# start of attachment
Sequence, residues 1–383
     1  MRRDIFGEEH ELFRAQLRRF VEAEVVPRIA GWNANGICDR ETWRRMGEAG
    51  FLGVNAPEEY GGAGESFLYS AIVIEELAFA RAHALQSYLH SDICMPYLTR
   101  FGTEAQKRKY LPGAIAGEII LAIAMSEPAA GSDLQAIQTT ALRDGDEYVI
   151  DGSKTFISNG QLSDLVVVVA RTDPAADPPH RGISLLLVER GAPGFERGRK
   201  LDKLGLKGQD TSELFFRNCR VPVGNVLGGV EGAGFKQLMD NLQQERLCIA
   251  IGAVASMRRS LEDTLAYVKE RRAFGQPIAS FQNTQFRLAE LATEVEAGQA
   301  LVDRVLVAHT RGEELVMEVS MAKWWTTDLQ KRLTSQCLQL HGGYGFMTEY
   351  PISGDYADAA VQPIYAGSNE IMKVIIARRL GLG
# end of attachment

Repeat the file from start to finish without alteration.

Sequence, residues 1–383
     1  MRRDIFGEEH ELFRAQLRRF VEAEVVPRIA GWNANGICDR ETWRRMGEAG
    51  FLGVNAPEEY GGAGESFLYS AIVIEELAFA RAHALQSYLH SDICMPYLTR
   101  FGTEAQKRKY LPGAIAGEII LAIAMSEPAA GSDLQAIQTT ALRDGDEYVI
   151  DGSKTFISNG QLSDLVVVVA RTDPAADPPH RGISLLLVER GAPGFERGRK
   201  LDKLGLKGQD TSELFFRNCR VPVGNVLGGV EGAGFKQLMD NLQQERLCIA
   251  IGAVASMRRS LEDTLAYVKE RRAFGQPIAS FQNTQFRLAE LATEVEAGQA
   301  LVDRVLVAHT RGEELVMEVS MAKWWTTDLQ KRLTSQCLQL HGGYGFMTEY
   351  PISGDYADAA VQPIYAGSNE IMKVIIARRL GLG